In the early days of the pandemic, I remember feeling like there was so much more I should be doing with all this extra “at home” time. Yet I found even the most basic tasks to be more difficult. In turn, I felt guilty for not being more productive. But what I’ve learned—or rather amlearning—is that allostatic load and decision fatigue are very real. Productivity looks different on different days, and sometimes being patient with ourselves is the most productive thing we can do.

Mikhalkova’s advice taps into a mantra that I often recite when I’m struggling: Just do one good thing. Unload the dishwasher. Return an email. Fold the laundry. Hug my kids. Then do the next good thing. Eventually these things add up. Time passes and small steps turn into something bigger.

What I love most about Mikhalkova’s advice—and what is easy to forget in difficult times—is the reminder to praise ourselves along the way. Because sometimes that pat on the back we need the most is our own.


This article originally appeared on 02.07.22 Christine Organ is a writer who lives in the Chicago area with her husband, two sons, and rescue dog. You can find her on Facebook and Instagram.



Family

Heartwarming comics break down complex parenting issues with ease

Lunarbaboon comics tackle huge, important subjects with an effective, lighthearted touch that you can't help but smile at.

All images by Christopher Grady/Lunarbaboon, used with permission

Writing comics helped a father struggling with anxiety and depression.

Christopher Grady, a father and teacher from Toronto, was struggling with anxiety and depression. That's when he started drawing.

He describes his early cartoons and illustrations as a journal where he'd chronicle everyday moments from his life as a husband, elementary school teacher, and father to two kids.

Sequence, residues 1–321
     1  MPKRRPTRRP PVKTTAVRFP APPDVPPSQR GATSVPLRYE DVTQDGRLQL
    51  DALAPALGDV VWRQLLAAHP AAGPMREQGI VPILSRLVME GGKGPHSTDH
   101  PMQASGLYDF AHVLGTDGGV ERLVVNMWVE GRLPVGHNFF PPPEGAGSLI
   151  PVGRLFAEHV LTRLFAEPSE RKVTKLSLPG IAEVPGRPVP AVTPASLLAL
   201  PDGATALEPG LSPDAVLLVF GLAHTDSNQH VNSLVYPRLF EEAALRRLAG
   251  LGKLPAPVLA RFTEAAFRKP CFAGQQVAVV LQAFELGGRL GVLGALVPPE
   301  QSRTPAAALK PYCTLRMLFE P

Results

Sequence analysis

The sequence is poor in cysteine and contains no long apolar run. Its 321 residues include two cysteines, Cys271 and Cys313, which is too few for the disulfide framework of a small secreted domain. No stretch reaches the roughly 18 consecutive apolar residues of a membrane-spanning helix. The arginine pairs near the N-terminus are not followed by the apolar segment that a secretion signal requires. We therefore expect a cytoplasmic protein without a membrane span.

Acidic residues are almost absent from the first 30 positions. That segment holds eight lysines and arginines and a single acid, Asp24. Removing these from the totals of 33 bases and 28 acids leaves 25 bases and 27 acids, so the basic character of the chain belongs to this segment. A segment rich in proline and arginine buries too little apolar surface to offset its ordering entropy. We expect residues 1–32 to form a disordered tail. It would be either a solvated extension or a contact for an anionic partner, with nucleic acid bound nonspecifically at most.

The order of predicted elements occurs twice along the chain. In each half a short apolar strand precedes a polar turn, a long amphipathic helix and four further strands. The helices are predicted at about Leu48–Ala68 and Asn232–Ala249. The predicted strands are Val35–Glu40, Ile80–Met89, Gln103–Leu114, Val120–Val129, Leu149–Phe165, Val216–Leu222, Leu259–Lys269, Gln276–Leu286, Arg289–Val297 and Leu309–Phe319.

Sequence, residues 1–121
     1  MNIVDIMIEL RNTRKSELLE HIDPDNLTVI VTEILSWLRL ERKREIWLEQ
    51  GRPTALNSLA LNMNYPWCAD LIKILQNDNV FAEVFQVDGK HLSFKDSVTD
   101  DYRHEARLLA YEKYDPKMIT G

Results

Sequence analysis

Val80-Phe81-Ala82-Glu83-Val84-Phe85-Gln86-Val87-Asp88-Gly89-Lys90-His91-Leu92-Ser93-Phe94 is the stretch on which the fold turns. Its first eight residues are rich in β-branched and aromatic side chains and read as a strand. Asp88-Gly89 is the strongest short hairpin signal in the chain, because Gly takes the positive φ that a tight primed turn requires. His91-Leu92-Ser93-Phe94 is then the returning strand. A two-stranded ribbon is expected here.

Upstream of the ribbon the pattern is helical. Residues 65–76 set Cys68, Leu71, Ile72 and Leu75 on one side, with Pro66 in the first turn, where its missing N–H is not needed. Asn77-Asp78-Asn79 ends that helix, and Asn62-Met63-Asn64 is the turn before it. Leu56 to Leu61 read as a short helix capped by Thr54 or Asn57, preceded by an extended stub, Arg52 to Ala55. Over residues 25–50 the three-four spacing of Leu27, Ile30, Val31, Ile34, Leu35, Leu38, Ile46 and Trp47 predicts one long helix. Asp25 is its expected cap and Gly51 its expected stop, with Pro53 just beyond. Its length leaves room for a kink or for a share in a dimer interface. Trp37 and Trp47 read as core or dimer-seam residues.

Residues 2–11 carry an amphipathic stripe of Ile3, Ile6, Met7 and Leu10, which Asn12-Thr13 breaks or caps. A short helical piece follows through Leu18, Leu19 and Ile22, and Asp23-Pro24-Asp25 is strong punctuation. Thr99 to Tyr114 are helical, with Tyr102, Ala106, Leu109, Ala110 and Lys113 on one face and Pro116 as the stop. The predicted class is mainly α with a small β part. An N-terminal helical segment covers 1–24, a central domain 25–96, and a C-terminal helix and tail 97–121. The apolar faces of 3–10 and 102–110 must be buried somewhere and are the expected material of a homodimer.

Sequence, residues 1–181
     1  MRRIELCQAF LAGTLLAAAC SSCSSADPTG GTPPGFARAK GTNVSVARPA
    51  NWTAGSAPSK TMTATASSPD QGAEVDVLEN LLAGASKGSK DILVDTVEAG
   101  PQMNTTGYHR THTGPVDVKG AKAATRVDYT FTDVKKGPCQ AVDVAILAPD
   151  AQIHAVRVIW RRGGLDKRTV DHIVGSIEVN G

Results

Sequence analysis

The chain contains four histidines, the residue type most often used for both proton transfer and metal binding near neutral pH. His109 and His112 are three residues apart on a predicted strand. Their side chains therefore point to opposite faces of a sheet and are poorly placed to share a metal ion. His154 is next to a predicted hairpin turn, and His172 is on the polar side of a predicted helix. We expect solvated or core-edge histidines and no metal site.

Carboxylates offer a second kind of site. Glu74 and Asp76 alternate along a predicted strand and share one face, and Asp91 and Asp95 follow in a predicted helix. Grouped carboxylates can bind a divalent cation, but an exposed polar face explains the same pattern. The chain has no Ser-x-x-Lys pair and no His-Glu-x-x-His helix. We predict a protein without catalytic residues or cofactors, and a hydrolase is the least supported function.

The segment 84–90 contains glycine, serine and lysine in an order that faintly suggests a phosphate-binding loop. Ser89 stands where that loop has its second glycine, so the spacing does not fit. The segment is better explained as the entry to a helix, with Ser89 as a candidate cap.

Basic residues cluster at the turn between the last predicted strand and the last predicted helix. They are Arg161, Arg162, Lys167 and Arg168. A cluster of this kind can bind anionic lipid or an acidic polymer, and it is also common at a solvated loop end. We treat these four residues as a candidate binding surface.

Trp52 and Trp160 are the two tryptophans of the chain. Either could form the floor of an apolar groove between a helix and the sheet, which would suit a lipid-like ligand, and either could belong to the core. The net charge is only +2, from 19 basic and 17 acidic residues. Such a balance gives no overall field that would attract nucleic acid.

"I needed a positive place to focus all my thoughts and found that when I was making comics I felt a little bit better," he says.

He began putting a few of his comics online, not expecting much of a response. But he quickly learned that people were connecting with his work in a deep way.


The comics series called Lunarbaboon was born, and the response to the first few was so powerful that Grady was inspired do more with his comics than just document his own experience.

"I began getting messages from many people about how they connected to the comics and it gave them hope and strength as they went through their own dark times," he says.

"When they look back…they probably won't remember what was said…or where you were when you said it. They may not remember any details of your time together. But they will remember that you were there…and that's what matters most."

"Usually the circle of people we can support, help, influence is limited to our families, friends, coworkers, random stranger at the bus stop, but with my comic I suddenly found my circle of power was much much larger," Grady explains. "I guess I decided to use this power for good."